Phantom -- The Las Vegas Spectacular
Presented in a $40 million, custom-built theater and pared down to a casino-friendly 95-minute running time, the Vegas Phantom seems like a sure bet for success.
With the opening of Phantom -- The Las Vegas Spectacular, the stakes have been raised even higher. This casino-friendly, 95-minute version of Andrew Lloyd Webber's The Phantom of the Opera, the longest running show in Broadway history, is being presented in a $40 million, custom-built theater at the Venetian Hotel, created by design superstar David Rockwell. Moreover, much of the original production team, including director Harold Prince, has returned to work on the show. So, is it a sure bet for success? Though it has some definite flaws, I'd say go all in.
First things, first: The much-lauded chandelier is amazing. Even those who have seen the original production can't help but ooh and aah at the more elaborate, more active Vegas prop. Just to up the ante, while the dissected chandelier reclaims its former glory at the top of the show, the entire dilapidated auditorium converts into a golden opera house. (Insider's tip: For the best experience of the chandelier and the best view of the production, try to get tickets in the orchestra, section 2, rows N-T).
While there are enough fireworks, special effects, and stunts here to make the show suitable for spectacle-happy Vegas visitors, true Phantom fans will more than likely walk away a little annoyed by the nearly hour's worth of cuts. For the most part, they consist of brief lines within the libretto and scenes that added to the back story of the Phantom -- excisions which don't affect the overall plot of the show. Nonetheless, the story feels slightly rushed, and truly attentive audience members will realize that some of the lines that remain simply don't make sense anymore. The most unfortunate edits are in the sexy, compelling song "The Point of No Return," which has been cut almost in half.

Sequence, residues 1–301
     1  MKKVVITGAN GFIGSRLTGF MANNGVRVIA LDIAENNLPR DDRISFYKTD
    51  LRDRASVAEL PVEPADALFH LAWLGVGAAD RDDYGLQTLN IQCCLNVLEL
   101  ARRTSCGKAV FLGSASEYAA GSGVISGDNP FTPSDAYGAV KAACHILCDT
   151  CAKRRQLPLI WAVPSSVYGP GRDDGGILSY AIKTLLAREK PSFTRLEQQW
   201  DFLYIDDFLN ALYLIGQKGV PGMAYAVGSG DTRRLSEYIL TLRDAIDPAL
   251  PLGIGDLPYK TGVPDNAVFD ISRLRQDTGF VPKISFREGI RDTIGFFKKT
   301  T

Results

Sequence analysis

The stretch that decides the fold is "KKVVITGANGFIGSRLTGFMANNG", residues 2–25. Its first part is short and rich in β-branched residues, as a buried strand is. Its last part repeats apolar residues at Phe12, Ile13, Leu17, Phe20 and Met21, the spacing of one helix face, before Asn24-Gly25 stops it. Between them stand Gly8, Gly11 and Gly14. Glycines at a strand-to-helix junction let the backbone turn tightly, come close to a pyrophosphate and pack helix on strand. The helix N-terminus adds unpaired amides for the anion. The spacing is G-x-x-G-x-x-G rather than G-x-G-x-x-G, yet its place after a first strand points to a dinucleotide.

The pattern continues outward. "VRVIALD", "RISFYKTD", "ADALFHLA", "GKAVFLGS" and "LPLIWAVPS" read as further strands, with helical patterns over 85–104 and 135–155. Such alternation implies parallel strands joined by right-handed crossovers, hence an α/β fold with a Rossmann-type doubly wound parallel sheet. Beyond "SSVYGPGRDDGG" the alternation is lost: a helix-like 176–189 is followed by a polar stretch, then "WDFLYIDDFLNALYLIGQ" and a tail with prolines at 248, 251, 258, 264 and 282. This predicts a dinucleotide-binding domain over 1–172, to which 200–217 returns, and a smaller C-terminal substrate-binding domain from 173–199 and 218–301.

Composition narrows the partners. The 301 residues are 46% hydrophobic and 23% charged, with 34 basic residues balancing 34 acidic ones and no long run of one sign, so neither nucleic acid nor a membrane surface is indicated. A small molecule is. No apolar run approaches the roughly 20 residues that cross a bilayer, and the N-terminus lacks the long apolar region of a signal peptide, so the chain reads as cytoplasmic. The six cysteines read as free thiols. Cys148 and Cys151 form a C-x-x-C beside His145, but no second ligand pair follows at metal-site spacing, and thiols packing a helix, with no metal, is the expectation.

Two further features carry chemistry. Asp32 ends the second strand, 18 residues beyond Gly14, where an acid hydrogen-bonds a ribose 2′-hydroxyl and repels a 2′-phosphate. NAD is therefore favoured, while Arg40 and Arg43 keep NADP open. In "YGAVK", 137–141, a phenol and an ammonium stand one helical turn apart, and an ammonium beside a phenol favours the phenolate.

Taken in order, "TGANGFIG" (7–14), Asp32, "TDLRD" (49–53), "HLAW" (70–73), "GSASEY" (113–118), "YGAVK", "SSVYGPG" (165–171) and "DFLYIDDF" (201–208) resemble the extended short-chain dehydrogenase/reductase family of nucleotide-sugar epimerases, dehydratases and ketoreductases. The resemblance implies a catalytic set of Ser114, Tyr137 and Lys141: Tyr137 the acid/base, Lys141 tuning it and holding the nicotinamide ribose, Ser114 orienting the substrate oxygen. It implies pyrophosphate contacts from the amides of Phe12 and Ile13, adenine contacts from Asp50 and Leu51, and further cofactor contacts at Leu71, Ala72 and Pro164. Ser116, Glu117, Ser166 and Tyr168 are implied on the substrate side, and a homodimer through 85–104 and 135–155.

Amazingly, even with all that has been removed, it sometimes feels like the production is trying to give us the classic Vegas 2-for-1 deal: "Come see Phantom and we'll throw in Sunset Blvd. for free!" Every gesture and emotion in the show is so overblown, exaggerated, and campy that Norma Desmond could stand center stage and fit right in.
Prince has double-cast three of the main roles -- The Phantom, Christine, and Carlotta -- with the rest of the hard-working ensemble scheduled to play all 10 shows. From a vocal standpoint, Brent Barrett is a wonderful Phantom, bringing some magic and romance back to the over-exposed "Music of the Night." He also gets to spend much of the show offstage while doubles and special effects represent the Phantom. Unfortunately, Barrett blows his few opportunities to physically embody the character by relying on the melodramatic gestures that were seemingly required of this cast. (Tony Award winner Anthony Crivello plays The Phantom at other performances.)
Meanwhile, Sierra Bogges' constantly whining Christine and Tim Martin Gleason's self-obsessed Raoul are perfect for each other. While the character of the diva Carlotta is meant to provide comic relief with her ridiculous behavior, Phantom veteran Elena Jeanne Batman makes her seem one of the more rational and realistic figures onstage. Conversely, Rebecca Spencer as Madame Giry -- a role that is normally the all-knowing calm in the storm of activity around her -- channels every diva in silent film history. With her right eyebrow raised to a point that's never more than half an inch from her hairline and a performance that would have made Cecil B. DeMille proud, she is forever waiting for her close-up.